“Have I any pleasure in the death of the wicked, says the Lord God, and not rather that he should turn from his way and live?”[xii]
There’s an image of God that He’s always angry when we fail and commit sin. Dennis Prager said that in that case He would be angry all the time. However, God decided to be forgiving: He doesn’t want to be angry all the time.
While animals can express certain emotions, repentance is not one of them; this parable has its limitations. It does not mean that God agrees when we do something that’s against His will; but He doesn’t abandon us because of it. The sheep refers to a sinner who repents, having come to a realisation that he needs to change his life.
Leaving the ninety-nine to search for one lost sheep sounds unreasonable, because the ninety-nine have far more monetary value. What if I lose the ninety-nine? It doesn’t make sense from a human standpoint. However, in this context the ninety-nine righteous people are the Pharisees and Sadducees who don’t think they need to repent of their sin, whereas the tax-collectors and sinners realise that they need repentance.
During Mass, the Confession and Absolution are followed immediately by the singing of the Gloria:
“Glory to God in the highest, and peace to His people on earth”,
reminding us of when the shepherds heard this singing in heaven.[xiii] Perhaps this song was rehearsed for a thousand years in preparation for the time when the Messiah would come, when God would become human and, looking upon humanity, show His mercy and forgiveness. God promised the Messiah more than four thousand years before His coming.
We need God’s mercy
During the last week, we sinned. We come to God, and we don’t want to be reminded of our sin, but we need to understand that we’re totally and completely dependent upon His mercy and grace. There’s a story about a man who stole a chicken, went to confession, and received a penance. The next day he did the same thing, and the priest doubled his penance. The man asked him to triple it because he would steal another chicken that night. We receive forgiveness, but tomorrow we might do the same thing. In spite of our striving, it’s only through God’s grace and mercy that we can mitigate the influence of sin in our lives.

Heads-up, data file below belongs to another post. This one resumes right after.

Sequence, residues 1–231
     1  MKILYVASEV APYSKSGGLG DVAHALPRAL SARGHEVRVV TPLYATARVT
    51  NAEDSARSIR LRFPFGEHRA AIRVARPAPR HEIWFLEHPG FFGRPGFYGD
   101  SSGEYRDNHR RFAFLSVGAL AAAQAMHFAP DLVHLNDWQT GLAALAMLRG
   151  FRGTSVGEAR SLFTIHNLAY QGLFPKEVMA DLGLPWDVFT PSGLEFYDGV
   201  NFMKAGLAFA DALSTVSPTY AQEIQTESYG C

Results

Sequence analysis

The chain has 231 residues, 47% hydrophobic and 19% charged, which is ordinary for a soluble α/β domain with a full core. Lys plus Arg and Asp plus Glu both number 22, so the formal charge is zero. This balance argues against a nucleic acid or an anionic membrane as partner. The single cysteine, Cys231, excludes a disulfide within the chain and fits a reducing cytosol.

Like a virus, sin kills. Who wants to go through the summer sick? Why do we have to confess our sins on Sundays? Sometimes I forget I am a sinner, and think that because everyone is doing what I’m doing, it’s ok. But it forces us to a point of humility to come before God, because only God can forgive, and it reminds me that I’m a sinner who needs to continue to walk along the path of repentance. Our coming together and, before we enter into God’s presence, being reminded of our sins is not because God wants to know our sin – He even knows the thoughts of my heart – but I admit to Almighty God that I’m a sinner. God wants us to know that we’re solely dependent upon His grace and mercy. He is extremely generous and abounding in mercy and forgiveness. Confession of sin has less to do with you than with the magnanimity of God’s heart to forgive people.
A woman becomes pregnant outside wedlock. She realises she has made a mistake, goes to the priest for the Sacrament of Confession and Absolution. The priest says, “Your sins are forgiven; go and pray for me, a sinner.” Her tummy will not shrink because she asked for forgiveness, but God has forgiven her. If God’s heart is so big to forgive a sin that He knows we will commit tomorrow, we cannot usurp His place of judging people when they sin; we need to look at our own sin first. Unfortunately, as humans sometimes we are quick in judging.
God loves to forgive those who repent